We may not have a perfect system in the west, and maybe you’re right – maybe we’re all just being ‘thrown a bone’ – but speaking up for, and hopefully pressuring governments to treat better, those who really can’t speak for themselves (rather than just those who sit in coffee shops and complain about The Man) is not hypocrisy. It’s the least we can do.

            And your hypocritical pity-party is, if anything, more obnoxious than Mr. Ecclestone’s arrogance. At least he comes by it honestly.

          2. Solo,

            I could not agree with you more.

            None are so hopelessly enslaved as those that falsly believe that they are free – Goethe.

            Check out this link, it is an excellent documentary:


      2. ooh, you go straight to hell for telling the truth! Either that or the naughty corner. Don’t forget your patriotism!

        I couldn’t agree more actually, well said.

    2. Demands? why do Protesters always make ‘Demands’ and Governments, well they make ‘Offers’. Oppressed people anywhere in the world should not have to demand anything – it should be their God given right as a human beings. (Sorry, wrong meeting :>)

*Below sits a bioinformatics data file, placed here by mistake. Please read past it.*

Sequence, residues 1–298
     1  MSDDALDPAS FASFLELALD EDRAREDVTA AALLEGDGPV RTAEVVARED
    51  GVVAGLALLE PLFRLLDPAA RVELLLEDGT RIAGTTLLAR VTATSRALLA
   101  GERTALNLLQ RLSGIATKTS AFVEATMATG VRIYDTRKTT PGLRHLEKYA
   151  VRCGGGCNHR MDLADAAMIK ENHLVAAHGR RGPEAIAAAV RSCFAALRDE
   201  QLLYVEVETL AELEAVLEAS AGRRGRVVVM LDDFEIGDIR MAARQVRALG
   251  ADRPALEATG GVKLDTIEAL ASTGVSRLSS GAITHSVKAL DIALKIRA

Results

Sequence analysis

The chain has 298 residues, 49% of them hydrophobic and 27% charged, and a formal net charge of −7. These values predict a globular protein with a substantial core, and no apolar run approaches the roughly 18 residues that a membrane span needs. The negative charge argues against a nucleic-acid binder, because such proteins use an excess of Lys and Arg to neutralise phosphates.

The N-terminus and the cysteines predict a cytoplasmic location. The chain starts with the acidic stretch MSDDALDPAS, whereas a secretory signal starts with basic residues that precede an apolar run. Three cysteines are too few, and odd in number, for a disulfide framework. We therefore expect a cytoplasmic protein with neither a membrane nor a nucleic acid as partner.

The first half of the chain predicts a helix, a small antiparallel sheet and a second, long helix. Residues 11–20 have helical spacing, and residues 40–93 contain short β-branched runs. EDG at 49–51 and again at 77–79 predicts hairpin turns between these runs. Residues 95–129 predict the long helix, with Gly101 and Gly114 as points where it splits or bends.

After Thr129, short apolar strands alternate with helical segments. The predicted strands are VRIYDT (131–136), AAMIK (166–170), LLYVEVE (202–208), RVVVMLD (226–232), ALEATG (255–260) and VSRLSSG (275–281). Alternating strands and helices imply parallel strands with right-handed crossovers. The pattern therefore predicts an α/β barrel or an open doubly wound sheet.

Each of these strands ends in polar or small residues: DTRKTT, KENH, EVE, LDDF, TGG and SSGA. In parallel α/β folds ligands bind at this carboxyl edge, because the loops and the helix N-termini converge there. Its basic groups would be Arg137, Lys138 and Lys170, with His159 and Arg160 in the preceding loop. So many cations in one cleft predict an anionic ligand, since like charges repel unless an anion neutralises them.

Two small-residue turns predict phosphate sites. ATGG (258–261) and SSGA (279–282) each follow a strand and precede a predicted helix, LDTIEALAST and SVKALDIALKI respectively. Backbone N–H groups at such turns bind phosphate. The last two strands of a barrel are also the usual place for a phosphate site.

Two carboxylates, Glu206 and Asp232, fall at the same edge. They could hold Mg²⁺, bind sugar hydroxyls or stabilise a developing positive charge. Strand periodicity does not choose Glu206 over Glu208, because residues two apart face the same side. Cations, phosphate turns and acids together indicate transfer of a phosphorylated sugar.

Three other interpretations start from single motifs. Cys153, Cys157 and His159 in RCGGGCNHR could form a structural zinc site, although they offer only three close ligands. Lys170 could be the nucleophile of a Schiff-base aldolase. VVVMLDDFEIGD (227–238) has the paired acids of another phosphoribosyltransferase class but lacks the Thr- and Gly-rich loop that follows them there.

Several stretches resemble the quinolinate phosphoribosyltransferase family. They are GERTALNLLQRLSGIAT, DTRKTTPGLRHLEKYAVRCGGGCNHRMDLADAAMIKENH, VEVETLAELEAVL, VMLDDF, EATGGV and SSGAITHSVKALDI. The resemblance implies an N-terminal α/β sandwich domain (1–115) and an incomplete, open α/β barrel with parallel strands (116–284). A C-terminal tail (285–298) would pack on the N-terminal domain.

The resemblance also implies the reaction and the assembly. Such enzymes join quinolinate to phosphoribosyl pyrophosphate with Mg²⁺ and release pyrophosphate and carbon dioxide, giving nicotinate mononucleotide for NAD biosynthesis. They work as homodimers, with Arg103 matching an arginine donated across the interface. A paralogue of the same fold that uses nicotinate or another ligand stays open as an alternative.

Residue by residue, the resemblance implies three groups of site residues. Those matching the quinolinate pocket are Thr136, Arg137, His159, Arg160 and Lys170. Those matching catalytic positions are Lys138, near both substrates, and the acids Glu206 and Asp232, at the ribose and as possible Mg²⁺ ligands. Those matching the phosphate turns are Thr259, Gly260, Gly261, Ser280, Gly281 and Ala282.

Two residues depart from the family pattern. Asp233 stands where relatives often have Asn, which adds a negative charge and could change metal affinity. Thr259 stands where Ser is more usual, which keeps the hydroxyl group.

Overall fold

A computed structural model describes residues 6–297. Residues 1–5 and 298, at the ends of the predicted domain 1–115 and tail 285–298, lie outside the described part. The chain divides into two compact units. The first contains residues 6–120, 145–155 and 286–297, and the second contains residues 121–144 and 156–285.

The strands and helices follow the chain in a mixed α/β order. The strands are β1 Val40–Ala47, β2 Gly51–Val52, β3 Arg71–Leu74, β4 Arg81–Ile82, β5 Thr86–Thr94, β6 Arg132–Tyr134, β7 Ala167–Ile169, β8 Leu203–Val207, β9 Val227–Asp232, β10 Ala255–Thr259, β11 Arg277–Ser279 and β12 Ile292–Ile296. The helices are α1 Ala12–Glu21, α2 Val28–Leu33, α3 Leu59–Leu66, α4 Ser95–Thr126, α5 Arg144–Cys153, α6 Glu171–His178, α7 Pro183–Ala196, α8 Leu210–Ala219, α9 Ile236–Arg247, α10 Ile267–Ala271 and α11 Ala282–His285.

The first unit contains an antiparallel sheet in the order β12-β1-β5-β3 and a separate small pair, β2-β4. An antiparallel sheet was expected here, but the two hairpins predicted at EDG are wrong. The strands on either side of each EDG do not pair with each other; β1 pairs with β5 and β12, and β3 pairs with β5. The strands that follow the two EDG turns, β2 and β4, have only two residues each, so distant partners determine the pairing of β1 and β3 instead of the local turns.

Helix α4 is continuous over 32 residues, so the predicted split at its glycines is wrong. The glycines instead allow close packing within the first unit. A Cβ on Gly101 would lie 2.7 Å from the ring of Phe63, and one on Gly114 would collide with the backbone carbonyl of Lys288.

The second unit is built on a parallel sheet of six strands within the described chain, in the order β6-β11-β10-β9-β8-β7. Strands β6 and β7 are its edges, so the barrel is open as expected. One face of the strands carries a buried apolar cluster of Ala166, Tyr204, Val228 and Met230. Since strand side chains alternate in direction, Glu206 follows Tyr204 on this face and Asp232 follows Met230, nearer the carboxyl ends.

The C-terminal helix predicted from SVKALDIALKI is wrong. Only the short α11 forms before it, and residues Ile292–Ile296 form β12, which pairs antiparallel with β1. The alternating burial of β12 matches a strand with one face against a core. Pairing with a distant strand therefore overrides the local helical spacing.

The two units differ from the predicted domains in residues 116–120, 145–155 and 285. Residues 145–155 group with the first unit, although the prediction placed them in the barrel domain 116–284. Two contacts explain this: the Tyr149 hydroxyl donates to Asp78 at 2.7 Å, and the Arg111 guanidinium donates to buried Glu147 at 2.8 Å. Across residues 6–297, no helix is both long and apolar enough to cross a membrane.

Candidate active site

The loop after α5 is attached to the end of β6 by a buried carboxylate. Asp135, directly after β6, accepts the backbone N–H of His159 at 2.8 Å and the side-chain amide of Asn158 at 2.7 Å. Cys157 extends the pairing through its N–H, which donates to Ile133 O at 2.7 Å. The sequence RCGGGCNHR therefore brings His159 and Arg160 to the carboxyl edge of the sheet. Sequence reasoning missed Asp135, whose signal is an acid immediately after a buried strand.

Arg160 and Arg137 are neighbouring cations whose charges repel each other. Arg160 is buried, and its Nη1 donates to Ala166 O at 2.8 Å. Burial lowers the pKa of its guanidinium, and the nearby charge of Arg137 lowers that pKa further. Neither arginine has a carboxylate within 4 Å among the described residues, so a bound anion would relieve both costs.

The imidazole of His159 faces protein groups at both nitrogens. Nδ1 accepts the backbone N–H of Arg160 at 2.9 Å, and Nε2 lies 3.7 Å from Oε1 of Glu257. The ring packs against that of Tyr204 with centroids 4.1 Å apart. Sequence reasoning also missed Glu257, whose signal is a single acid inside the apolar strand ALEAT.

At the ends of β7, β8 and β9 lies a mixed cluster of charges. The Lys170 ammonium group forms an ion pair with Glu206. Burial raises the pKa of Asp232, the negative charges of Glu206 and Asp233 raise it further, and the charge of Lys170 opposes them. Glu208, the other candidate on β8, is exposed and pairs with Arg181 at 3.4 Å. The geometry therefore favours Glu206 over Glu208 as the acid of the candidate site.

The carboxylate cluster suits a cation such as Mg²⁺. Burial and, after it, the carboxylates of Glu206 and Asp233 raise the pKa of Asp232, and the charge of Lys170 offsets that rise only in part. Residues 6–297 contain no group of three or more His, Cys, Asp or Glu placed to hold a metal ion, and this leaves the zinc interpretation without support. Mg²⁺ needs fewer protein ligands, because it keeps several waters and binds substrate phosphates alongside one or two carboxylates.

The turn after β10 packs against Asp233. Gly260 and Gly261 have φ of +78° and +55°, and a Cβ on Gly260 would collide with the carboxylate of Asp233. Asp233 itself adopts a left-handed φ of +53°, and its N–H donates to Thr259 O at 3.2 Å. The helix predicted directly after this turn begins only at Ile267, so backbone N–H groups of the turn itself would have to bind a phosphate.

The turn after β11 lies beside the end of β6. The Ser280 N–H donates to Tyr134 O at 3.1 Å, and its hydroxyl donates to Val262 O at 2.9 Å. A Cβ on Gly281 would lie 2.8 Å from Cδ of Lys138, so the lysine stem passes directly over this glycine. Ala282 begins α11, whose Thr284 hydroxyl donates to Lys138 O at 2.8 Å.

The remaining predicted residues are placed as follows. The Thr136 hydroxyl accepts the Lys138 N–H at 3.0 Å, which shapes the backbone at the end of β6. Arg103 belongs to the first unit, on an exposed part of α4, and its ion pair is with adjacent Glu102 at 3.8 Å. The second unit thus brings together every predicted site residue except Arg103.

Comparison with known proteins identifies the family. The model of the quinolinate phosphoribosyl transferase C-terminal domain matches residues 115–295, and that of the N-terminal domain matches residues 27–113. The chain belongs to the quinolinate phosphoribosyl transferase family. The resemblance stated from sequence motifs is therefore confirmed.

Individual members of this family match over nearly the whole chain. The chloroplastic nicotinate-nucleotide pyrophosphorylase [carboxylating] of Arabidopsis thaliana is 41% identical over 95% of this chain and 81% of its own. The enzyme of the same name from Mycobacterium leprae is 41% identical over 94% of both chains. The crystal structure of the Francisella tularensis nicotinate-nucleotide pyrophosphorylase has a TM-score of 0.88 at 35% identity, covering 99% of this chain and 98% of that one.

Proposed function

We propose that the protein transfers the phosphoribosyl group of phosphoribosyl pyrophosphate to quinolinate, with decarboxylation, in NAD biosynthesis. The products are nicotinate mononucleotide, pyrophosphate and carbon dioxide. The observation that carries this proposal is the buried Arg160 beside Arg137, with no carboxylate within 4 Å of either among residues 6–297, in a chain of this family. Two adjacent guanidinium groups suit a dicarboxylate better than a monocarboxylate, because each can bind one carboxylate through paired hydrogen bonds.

16. Is it sad that I’m hoping it DOES disrupt things so that the opening goes back to Australia?

    1. jsw11984 (@jarred-walmsley)
      15th February 2011, 19:19

      No, because (providing there are no deaths or injuries) most of us are hoping for the same.

  17. Everyone is in favor of people in Bahrain, or anywhere, standing up for basic human rights. But it’s a difficult question for people in the Global North or the “west.” See handwringing about Egypt in U.S. and Europe. It’s also a difficult because the countries that Love Freedom, and even invade other countries to enact it, rely primarily on unfree regimes for their energy and most consumer goods, as well as for much of their inbound direct investment. The conundrum applies also to big companies who need cheap energy or Chinese manufacturing to keep up the share price.

    However, actually it may be less difficult for F1, because F1 actually has something (small) to do about it. F1 can say, you have a lot of money to build a fancy track and do a race, but the stacks of dissidents in your jails and your army of official thugs who round them up give us pause. Does F1 really need Bahrain and the like? No way. F1 has its pick of hosts right now. And unlike goverments that have “national interests,” i.e., in access to oil or markets for their debt, to be concerned about, it doesn’t harm the sport to apply some scruples at the margins. And maybe F1 should.